Jean Moiras is a French modernist painter from the School of Paris. His work is classic mid-20th Century modernism – the period after ‘High Modernism’ – when representational subject matter came to be mixed with abstraction in a single work of art. Moiras’ colleagues in style and subject matter include Bernard Cathelin, Foujita, Richard Diebenkorn, and Wayne Thiebaud, to name just a few. A typical painting by Moiras – be it a land- or townscape, relies for its ground plan on a grid, as in the earliest compositions of Mondrian before he became a non-representational painter.* From this grid, spring abstract ‘shadows’ of color and forescapes – with more representational subject matter emerging from the painting’s horizon lines.
Part of the artist’s earliest education was in French polytechnic studies. Thus, an air of archi- tectonics and engineering can undergird the imagery in a Moiras townscape – crisp marine-dock and industrial-plant imagery all the way to domestic interiors and lovely French townscapes in Moiras’ ‘softer,’ more poetic works.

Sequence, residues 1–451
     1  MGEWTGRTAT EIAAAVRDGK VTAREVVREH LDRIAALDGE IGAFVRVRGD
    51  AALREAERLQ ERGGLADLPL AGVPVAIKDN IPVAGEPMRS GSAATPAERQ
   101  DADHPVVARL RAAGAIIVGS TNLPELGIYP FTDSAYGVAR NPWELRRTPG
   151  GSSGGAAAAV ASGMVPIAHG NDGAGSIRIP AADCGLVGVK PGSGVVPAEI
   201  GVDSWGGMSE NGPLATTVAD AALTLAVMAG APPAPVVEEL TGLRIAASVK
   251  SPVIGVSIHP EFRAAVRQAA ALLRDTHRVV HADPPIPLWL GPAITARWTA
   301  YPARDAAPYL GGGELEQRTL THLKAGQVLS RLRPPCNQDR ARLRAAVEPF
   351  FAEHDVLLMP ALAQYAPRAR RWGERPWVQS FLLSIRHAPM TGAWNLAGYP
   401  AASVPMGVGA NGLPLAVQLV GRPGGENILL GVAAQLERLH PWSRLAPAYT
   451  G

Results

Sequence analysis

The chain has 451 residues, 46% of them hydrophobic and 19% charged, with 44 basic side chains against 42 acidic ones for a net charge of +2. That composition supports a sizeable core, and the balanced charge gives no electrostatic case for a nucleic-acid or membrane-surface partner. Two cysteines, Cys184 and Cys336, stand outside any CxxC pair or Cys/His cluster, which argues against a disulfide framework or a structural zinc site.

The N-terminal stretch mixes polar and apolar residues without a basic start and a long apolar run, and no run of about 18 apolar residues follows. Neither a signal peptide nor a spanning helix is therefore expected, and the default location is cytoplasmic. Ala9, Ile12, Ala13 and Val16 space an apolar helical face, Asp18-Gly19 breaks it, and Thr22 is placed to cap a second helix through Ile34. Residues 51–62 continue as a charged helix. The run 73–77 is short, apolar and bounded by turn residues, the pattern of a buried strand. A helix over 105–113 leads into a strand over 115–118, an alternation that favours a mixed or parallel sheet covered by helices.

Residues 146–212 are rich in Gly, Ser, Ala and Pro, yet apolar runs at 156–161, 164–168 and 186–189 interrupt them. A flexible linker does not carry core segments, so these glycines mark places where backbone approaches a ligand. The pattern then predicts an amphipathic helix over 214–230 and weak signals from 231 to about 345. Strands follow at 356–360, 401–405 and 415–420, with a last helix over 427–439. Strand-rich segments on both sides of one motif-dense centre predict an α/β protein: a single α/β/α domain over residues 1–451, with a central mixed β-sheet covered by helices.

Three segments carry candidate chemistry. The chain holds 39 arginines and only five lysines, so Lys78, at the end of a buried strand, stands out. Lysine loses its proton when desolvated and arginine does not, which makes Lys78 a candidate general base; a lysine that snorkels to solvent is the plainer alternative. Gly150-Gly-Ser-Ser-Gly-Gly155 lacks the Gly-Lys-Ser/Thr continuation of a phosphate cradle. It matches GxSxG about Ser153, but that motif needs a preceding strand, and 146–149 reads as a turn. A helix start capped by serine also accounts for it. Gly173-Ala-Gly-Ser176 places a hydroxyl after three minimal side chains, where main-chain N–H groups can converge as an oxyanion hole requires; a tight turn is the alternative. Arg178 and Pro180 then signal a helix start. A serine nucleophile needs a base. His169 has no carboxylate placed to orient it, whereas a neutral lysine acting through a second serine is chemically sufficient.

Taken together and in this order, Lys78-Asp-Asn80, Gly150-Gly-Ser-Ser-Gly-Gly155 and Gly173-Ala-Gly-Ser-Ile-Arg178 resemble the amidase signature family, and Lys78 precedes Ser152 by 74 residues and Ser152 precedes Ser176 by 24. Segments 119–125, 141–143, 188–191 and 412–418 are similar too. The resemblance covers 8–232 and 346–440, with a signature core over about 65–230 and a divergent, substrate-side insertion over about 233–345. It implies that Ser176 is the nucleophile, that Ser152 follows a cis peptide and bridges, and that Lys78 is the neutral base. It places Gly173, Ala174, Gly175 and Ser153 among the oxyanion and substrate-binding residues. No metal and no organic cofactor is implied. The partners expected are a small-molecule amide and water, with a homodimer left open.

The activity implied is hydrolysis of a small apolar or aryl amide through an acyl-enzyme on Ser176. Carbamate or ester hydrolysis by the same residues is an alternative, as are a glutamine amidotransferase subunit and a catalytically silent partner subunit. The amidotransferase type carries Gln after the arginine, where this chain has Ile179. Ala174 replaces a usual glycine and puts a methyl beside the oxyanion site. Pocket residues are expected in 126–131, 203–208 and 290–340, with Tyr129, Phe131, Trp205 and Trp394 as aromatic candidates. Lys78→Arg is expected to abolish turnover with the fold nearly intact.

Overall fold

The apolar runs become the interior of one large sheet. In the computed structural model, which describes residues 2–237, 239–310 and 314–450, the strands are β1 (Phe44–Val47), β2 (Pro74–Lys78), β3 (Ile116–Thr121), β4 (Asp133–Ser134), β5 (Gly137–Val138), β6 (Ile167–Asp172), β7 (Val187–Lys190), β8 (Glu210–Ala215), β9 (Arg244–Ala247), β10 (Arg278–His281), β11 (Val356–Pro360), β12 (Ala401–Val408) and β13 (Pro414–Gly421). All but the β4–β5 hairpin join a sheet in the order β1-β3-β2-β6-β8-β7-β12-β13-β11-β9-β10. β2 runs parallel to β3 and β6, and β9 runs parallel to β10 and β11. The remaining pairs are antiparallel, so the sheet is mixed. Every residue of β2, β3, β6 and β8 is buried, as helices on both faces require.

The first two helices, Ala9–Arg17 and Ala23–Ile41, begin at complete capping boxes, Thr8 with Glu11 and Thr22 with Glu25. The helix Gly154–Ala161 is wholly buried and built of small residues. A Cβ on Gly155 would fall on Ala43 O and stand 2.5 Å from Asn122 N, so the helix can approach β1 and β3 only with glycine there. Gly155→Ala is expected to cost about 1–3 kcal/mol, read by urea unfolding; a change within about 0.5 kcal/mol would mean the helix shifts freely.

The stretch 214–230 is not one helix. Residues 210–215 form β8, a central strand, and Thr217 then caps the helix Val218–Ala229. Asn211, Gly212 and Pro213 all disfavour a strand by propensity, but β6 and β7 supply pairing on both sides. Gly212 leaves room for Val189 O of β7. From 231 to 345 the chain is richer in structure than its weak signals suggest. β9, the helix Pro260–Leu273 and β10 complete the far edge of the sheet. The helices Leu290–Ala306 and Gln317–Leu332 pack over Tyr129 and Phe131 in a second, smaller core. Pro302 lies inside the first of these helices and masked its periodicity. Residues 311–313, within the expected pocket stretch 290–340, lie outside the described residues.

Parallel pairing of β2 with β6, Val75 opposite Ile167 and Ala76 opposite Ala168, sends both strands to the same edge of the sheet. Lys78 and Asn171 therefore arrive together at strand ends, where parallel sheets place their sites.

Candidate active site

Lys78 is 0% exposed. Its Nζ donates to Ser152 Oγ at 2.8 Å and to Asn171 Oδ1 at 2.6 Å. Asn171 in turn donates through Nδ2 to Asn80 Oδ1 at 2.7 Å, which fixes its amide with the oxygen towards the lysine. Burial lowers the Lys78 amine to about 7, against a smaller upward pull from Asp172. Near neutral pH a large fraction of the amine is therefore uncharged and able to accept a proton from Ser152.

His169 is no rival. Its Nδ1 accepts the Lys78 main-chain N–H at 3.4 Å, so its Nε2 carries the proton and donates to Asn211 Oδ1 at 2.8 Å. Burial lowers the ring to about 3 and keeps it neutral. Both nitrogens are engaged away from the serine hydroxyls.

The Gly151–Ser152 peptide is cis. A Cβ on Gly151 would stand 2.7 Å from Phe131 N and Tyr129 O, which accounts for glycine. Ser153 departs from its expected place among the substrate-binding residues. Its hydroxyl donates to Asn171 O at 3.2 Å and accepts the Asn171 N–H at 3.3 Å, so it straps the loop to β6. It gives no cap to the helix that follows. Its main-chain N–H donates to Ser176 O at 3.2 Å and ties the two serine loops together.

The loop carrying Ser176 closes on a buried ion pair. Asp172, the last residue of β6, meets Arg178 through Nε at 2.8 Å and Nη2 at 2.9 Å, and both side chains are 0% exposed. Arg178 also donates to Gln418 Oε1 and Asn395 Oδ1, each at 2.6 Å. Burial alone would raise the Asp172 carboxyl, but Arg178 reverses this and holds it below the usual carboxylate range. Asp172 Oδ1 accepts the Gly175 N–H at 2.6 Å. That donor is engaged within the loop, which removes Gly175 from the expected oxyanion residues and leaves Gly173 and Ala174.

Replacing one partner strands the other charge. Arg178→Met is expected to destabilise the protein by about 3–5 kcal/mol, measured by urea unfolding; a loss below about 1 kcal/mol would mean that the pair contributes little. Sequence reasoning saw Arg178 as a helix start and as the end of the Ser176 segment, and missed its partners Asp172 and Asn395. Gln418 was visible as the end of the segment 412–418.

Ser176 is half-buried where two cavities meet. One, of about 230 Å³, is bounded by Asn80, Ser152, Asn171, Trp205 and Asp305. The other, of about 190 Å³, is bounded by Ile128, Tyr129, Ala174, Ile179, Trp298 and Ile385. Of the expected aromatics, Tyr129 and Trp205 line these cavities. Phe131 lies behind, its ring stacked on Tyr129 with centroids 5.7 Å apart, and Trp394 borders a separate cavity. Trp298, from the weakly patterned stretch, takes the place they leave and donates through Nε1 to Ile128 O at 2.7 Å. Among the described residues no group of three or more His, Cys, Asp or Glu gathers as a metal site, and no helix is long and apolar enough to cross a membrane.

The artist’s impasto style combines bravado painterly application with extreme precision. Like Foujita and Manet before him, Moiras makes idiosyncratic use of the value black to create tense outlining that is almost ‘wiry’ or stained-glass-like. Finally, the hallmark of Modernism – its “push-pull” optical dynamics are in full force in Moiras’ work – with color fields and forms proceeding from and receding into the picture plane – a fourth-dimensional aspect of time elapsing in the mind’s eye. This is a truly remarkable jump in dimensionality when one considers that a painting’s ground is a flat, two-dimensional plane! How uncanny that artists from Picasso to Moiras are able to manipulate formal qualities in a flat work of art to cause its components to move and shift before the eyes of the viewer! – a singular triumph in the theoretics of 20th-century Modernism.